Monday, February 10, 2014

Matching Stones 101

I recently received an email from a team here on the Saanich Peninsula re. the matching of stones. There were a number of questions asked and I thought they were worthy of a posting on the blog site. As the title implies, this isn't going to satisfy the elite teams, this is stone matching for the rest of the curling world.

First off you need to understand the various aspects of a curling stone. There are a number of videos in cyberspace re. the manufacture of curling stones. If this topic interests you I strongly recommend that you take a look at one or two of them (try "YouTube") so you can become familiar with the parts of a curling stone. 

The aspect that affects velocity and curl is the "running surface". The bottom of a curling stone is not flat. It's concave which leaves a "ring" about 5-6 mm in width (when the stone is new) and about 13 cm in diameter. That's the "running surface" (r/s)!

In a perfect world, the r/s of all stones would be exactly the same. They are not! Since each curler delivers two stones per end for the duration of the game, it would be great if the stones "tracked" (made their way down the ice) the same. If that's the case, we say the stones are "matched". 

There are two aspects of "tracking", speed and curl. If the two stones you've been bequeathed at the start of the game are delivered with the same force (weight) we would like them to travel down the ice and come to rest the same distance from their relative release points. And, we'd also like the path they take to that common destination to be the same, thus the terms "speed" and "curl"!

I'm going to cut to the chase here. When you have two curling stones and wish to test them for the aforementioned "speed" & "curl", they need to be delivered in the manner of a curling shot. And when you do that, you must consider three factors, speed/velocity, line & rotation. In other words, the stones need to be delivered with the same velocity (or known velocities if not the same), down the same line, with the same amount of rotation. If you do not control those three factors, the results could be skewed and you might in the end (pun intended) miss some shots as a result.

Laser timers are a wonderful aid to determine velocity. The holder of the brush can determine line and of course you can count rotations by observing the handle.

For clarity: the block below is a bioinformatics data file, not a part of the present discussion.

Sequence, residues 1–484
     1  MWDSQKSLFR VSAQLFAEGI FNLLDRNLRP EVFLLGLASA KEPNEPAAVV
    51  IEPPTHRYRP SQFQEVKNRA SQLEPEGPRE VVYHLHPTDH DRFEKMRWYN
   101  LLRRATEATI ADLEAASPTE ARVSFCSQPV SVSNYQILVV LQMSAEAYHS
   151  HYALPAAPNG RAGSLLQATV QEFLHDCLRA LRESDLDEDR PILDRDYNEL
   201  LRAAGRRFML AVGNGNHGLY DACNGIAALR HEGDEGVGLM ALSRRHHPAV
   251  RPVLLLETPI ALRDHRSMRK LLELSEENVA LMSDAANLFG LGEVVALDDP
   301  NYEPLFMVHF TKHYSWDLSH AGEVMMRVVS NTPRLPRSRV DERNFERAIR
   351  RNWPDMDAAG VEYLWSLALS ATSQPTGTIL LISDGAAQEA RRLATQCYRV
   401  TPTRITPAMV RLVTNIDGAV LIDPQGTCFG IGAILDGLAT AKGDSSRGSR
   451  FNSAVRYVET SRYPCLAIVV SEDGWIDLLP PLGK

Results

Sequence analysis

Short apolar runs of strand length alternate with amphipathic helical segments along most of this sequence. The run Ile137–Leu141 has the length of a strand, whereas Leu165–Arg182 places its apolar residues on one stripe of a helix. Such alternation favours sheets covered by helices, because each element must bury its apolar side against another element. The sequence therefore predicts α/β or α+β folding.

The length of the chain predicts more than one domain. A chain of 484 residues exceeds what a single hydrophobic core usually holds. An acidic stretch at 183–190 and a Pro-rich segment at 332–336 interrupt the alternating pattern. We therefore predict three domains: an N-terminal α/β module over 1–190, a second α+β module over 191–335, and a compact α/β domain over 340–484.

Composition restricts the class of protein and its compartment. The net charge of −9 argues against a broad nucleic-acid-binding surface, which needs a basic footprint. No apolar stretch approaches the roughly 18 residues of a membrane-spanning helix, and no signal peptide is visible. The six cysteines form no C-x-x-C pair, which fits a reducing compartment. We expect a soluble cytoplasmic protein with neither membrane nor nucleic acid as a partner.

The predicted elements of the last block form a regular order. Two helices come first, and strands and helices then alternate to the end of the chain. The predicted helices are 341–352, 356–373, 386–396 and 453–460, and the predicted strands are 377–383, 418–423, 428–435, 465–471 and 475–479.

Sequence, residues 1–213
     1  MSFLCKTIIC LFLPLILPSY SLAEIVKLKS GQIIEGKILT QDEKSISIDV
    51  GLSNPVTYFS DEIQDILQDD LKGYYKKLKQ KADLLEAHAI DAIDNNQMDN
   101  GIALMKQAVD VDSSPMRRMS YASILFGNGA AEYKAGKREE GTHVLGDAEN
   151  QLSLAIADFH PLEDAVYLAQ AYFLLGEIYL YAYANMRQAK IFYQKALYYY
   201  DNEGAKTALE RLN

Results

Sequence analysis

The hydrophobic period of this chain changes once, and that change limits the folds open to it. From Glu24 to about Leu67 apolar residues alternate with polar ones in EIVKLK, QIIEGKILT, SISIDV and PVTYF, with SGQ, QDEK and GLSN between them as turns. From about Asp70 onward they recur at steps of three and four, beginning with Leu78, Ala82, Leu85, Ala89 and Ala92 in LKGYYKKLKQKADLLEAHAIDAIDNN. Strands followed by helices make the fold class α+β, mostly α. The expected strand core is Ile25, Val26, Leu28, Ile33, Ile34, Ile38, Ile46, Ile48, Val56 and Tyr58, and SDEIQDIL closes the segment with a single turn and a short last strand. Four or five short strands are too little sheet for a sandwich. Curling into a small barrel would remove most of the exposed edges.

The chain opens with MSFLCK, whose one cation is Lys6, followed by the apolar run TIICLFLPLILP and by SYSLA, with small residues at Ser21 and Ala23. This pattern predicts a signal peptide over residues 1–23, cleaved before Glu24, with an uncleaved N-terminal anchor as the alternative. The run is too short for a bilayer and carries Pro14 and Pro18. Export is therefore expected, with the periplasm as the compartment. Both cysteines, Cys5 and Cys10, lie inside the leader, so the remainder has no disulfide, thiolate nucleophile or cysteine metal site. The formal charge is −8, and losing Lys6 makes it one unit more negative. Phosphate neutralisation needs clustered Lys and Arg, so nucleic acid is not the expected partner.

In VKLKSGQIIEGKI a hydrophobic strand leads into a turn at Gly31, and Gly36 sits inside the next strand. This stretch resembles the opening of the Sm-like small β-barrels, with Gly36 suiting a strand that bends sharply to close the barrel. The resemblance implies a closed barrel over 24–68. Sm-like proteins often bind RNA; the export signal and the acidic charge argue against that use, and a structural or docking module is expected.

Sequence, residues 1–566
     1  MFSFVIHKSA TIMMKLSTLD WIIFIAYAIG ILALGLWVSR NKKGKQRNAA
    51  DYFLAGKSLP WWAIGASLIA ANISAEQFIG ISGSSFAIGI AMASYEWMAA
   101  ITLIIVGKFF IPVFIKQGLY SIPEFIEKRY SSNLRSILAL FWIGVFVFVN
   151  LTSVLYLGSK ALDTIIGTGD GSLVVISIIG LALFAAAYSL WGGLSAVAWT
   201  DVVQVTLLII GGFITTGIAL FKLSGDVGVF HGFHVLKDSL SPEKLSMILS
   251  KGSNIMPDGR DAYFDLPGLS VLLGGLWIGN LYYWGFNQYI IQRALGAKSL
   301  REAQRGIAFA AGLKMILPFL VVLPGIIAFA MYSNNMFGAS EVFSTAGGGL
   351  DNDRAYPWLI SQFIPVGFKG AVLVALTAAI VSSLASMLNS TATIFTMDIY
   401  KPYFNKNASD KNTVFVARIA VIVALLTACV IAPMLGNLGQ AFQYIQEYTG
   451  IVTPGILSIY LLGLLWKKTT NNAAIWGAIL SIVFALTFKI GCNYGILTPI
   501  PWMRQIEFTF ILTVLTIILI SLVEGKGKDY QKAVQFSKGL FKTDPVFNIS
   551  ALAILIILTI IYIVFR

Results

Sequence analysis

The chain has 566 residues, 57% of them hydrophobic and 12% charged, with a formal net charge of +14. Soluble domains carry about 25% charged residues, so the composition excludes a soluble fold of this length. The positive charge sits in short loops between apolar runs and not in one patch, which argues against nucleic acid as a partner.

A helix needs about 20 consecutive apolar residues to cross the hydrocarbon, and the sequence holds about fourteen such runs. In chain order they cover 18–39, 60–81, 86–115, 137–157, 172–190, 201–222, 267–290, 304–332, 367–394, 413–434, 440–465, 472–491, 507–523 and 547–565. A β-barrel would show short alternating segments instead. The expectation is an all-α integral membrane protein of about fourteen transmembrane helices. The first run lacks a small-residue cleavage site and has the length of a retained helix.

If two stones are delivered with the same velocity, down the same line with the same amount of rotation and they come to rest in the same location, voila, you likely have a pair of matched stones. If they do not and this is borne out time-after-time, then the opposite may be true. Take note of the words "likely" and "may" in the preceding paragraph. There are no absolutes with stone matching, only degrees of reliability!

Strangely enough, if your suspicion is that you don't have a pair of matched stones, that doesn't mean your world is coming to an end. I know curlers who relish the fact that two stones are not matched and the team uses the differences between that curler's two stones to their advantage. When I coached Team USA (m) at the World Curling Championships in Kamloops, our third knew he had a "cutter" (a stone that curled more than the other). We saved it for his second shot on ends when we had last rock and buried it. The opposing skip knew we had found a cutter and could not follow it. It ultimately won the game for us!

I say this to counter any argument that to not have a pair of matched stones is tantamount to being charged with a criminal offence known you are innocent. But, that said, if you're not comfortable with an unmatched pair of stones, you need to inform your team of that and enlist their aid in finding two that are matched using the method described above.

One of the most high profile curlers in Canadian curling history was obsessed with finding a pair of matched stones in the pre-game warm up. So much so that his/her teammates spent the entire time in this quest. In speaking with a teammate of this aforementioned curler, he/she confided that sometimes the team was pretty sure the stones the skip decided to use were not matched, but the skip thought so and that's all that mattered! Back to those r/s's!